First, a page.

As the market evolves, it's become increasingly important for publishers to understand if an RSS can draw more traffic than the actual Web site, for instance, and what type of information in the feed is too much. New tools can help.
Blogger Anthony Citrano wants to gain insight into those who visit his Web sites. So he signed up for FeedBurner Inc.'s TotalStats service to gain details from RSS feeds on the information readers come to read.
Digging for information, bloggers gain a method to study traffic patterns for each post. Citrano also controls the Web server where his domain name resides and can log on to view raw statistics generated by two separate software packages.
In May the software told him that 46 people spent more than an hour on his site, for example. Without analytics, most bloggers don't have access to that type of information. "I can see all the surf phrases and terms that led people to my sites, and they range between the most bizarre to topics that make sense," Citrano said. "Some of the bizarre have been 'voting by IQ,' 'creepy views,' and 'Chinese foot binding in women'."
Citrano isn't the only blogger "curious" about the topics attracting people to his site. Forrester Research Inc. analyst Peter Kim began using Blogbeat in April to track links and hits on his personal blog. The annual subscription cost totaled somewhere around a mere $25 per year. Not a hefty price to monitor posts, visitors, referrals and links that provide insight into who visits the site.
Kim equates blog analytics to "one-hand clapping, because if the blogger doesn't receive comments, track-backs or an active discussions in the thread," analytics can provide insight into who's coming to the site and what's being read.
But FeedBurner has much more in mind. Cofounder and chief operating officer Steve Olechowski said the company aims to provide customers with statistical data gained through the technology in Blogbeat, which launched in January.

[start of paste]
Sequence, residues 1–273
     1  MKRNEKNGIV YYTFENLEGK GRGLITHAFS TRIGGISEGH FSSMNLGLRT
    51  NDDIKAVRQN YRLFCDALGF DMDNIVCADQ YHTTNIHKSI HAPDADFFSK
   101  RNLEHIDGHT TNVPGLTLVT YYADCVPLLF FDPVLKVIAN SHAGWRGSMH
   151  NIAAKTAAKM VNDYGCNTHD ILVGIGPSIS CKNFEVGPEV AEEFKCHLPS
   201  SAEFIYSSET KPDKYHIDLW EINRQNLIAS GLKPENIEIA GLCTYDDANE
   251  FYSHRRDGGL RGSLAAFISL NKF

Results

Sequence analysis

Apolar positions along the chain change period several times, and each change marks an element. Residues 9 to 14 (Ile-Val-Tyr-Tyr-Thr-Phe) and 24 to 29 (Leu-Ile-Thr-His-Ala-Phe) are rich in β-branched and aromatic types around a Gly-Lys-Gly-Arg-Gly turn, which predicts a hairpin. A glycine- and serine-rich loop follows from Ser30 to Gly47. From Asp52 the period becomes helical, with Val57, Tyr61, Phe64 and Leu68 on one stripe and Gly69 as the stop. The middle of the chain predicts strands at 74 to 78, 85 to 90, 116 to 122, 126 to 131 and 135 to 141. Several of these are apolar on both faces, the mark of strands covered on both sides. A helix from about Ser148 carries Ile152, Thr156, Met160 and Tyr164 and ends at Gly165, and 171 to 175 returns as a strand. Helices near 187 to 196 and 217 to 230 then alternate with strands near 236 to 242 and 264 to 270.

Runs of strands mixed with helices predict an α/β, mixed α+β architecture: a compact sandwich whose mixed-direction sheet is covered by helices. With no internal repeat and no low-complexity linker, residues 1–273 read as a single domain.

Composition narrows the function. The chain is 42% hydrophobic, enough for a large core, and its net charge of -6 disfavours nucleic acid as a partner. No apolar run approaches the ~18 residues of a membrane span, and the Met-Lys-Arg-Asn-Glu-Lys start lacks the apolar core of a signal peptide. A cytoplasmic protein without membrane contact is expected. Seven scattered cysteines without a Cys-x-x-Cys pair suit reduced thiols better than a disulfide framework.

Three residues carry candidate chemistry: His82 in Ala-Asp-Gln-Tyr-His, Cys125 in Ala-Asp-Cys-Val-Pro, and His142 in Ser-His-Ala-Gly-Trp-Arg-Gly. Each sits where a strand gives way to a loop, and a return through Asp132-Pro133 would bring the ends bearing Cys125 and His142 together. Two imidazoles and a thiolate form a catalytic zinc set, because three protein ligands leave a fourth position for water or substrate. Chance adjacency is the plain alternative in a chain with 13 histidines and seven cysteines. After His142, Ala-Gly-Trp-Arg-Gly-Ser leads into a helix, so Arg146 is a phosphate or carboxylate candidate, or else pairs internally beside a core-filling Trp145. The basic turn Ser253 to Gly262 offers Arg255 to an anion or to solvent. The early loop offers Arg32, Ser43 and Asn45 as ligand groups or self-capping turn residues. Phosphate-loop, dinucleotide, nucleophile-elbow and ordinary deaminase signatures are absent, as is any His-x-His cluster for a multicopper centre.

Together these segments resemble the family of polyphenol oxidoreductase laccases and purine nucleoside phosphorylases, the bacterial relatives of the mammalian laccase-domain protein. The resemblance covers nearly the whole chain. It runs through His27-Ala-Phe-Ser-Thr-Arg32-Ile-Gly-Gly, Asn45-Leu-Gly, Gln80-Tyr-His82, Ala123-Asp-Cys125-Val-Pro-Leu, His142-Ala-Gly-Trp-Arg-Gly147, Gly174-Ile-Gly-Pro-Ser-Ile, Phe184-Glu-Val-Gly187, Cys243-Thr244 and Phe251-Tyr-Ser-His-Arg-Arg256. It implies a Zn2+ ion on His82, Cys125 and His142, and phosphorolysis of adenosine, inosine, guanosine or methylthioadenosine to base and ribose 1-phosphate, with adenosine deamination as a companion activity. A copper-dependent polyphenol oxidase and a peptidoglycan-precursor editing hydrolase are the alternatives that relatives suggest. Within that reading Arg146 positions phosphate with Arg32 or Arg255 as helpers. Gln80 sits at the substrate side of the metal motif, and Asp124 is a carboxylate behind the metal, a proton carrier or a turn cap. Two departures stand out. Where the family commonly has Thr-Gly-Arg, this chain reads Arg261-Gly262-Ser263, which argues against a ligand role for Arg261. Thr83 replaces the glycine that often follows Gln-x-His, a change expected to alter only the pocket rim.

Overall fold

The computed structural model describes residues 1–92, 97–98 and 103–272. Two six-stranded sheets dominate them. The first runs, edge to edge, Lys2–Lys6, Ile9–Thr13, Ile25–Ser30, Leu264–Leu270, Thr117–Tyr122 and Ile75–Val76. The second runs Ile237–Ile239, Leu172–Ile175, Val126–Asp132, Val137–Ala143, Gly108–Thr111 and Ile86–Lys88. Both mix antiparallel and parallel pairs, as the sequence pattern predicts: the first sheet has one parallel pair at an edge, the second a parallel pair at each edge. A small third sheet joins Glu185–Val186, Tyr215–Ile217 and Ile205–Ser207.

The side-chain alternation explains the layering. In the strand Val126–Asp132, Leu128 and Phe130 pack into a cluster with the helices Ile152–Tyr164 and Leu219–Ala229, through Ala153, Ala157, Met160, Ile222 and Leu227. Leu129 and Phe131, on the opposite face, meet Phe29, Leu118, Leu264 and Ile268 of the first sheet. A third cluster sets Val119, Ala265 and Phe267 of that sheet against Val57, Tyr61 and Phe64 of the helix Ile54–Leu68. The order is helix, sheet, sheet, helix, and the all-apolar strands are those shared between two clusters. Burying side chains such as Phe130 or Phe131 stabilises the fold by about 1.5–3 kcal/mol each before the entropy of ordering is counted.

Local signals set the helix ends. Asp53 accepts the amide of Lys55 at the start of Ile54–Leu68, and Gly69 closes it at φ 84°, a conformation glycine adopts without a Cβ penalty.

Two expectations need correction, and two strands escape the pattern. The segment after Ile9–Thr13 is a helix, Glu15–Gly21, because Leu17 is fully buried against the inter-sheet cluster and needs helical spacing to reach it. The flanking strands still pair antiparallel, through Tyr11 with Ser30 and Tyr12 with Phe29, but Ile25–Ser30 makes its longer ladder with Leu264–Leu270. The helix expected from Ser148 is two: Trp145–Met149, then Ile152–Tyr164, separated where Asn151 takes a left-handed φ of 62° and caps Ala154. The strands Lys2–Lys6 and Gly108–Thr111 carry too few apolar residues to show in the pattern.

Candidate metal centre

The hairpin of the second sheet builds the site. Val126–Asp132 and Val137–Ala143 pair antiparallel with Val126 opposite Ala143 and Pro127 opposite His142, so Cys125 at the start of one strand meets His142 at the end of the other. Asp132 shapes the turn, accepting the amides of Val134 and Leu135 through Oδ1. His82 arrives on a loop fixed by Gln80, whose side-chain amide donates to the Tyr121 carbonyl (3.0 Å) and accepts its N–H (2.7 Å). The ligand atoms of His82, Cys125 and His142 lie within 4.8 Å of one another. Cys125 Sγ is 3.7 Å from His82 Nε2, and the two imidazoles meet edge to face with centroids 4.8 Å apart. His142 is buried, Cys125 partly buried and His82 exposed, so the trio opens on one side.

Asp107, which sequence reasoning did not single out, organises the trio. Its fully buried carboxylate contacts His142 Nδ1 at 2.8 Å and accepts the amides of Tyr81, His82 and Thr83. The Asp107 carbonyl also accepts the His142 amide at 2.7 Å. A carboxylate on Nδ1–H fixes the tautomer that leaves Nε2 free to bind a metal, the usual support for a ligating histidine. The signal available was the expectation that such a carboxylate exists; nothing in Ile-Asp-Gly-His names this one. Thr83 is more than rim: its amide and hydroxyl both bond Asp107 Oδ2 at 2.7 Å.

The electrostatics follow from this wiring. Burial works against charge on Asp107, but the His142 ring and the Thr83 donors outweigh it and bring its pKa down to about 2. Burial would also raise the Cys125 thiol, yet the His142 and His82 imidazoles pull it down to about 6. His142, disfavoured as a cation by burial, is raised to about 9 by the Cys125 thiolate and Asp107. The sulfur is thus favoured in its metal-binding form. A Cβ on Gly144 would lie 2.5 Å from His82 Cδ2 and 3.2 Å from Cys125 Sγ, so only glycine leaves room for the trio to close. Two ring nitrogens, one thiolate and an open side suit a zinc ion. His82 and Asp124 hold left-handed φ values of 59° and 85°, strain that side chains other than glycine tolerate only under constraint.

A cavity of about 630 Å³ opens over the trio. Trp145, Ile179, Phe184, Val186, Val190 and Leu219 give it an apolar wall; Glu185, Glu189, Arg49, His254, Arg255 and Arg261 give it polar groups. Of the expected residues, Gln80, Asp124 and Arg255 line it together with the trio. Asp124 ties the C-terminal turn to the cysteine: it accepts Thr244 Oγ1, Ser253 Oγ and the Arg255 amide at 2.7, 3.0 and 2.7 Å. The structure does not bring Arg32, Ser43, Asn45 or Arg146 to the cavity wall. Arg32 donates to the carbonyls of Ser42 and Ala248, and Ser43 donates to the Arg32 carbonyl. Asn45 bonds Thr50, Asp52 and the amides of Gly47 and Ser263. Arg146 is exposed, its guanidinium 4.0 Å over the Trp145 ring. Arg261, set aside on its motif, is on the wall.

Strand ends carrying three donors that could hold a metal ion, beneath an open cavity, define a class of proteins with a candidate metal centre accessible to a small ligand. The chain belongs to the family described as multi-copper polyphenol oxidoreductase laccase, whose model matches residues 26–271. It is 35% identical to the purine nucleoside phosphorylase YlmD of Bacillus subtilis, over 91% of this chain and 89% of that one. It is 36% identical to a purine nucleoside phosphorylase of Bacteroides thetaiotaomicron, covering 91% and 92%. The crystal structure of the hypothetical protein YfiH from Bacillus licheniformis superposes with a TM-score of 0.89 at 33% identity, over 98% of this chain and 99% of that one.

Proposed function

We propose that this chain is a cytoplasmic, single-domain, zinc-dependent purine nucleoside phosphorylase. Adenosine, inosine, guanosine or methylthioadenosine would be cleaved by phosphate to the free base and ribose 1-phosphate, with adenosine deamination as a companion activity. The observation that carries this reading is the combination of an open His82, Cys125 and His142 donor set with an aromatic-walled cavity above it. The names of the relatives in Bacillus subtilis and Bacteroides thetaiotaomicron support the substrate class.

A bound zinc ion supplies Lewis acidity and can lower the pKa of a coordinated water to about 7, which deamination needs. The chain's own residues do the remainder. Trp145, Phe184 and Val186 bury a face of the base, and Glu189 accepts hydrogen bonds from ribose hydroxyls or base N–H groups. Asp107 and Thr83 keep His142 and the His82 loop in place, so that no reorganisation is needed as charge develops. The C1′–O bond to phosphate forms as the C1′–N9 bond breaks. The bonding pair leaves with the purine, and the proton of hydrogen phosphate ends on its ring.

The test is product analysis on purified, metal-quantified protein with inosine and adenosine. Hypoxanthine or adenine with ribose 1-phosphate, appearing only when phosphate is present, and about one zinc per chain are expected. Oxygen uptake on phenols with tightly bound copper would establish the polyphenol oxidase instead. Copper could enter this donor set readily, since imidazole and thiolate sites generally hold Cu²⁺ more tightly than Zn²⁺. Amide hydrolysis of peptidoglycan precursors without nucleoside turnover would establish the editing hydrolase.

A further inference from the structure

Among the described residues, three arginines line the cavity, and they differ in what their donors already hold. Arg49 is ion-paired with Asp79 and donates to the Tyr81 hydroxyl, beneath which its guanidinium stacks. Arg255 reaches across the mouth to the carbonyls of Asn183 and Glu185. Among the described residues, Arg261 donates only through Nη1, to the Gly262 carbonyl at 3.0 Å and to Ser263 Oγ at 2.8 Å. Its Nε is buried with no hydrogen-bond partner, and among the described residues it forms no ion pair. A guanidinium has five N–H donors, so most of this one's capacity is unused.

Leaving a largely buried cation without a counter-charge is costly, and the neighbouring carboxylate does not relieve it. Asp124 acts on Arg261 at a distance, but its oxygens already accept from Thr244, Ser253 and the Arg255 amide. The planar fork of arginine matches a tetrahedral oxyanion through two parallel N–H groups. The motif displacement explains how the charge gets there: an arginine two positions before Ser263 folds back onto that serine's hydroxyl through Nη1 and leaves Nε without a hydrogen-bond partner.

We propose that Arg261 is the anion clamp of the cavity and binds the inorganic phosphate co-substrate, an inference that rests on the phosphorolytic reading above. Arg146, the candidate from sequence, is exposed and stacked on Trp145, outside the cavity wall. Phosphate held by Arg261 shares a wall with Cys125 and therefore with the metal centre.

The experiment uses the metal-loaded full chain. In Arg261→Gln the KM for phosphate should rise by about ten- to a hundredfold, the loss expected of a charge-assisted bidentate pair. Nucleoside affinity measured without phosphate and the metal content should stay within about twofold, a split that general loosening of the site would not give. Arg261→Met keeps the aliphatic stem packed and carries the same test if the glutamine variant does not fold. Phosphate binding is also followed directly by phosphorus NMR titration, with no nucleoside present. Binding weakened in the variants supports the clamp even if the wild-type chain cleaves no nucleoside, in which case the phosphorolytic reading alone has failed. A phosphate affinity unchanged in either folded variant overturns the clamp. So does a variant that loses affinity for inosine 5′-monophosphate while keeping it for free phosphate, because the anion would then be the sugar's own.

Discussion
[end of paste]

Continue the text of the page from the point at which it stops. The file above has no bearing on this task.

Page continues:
As the market evolves it's become increasingly important for publishers to understand if an RSS can draw more traffic than the actual Web site, and what type of information in the feed is too much. "As Microsoft rolls out Vista, Internet Explorer 7, and Outlook where feeds are in the forefront of the applications, people will get more comfortable accessing information through RSS feeds," Olechowski said.
Once that happens, RSS will evolve into a separate medium that Olechowski calls "subscribing." Moving toward that trend, the product roadmap will see Blogbeat's technology integrate into FeedBurner by November.
"FeedBurner is built on a LAMP/Java stack, and the way we scale achieving data maps very similar to the way FeedBurner works," he said. "The foundation of the statistics is driven off the feed, which is different than the Web analytics products out there today."
The "design pattern" in FeedBurner and Blogbeat are similar, though the platform for the Raleigh-Durham, N.C. company was built on a Microsoft .Net stack rather than Linux, Apache, MySQL, PHP, Perl and Python, the core set of applications and languages used in a Linux Web server, Olechowski said.
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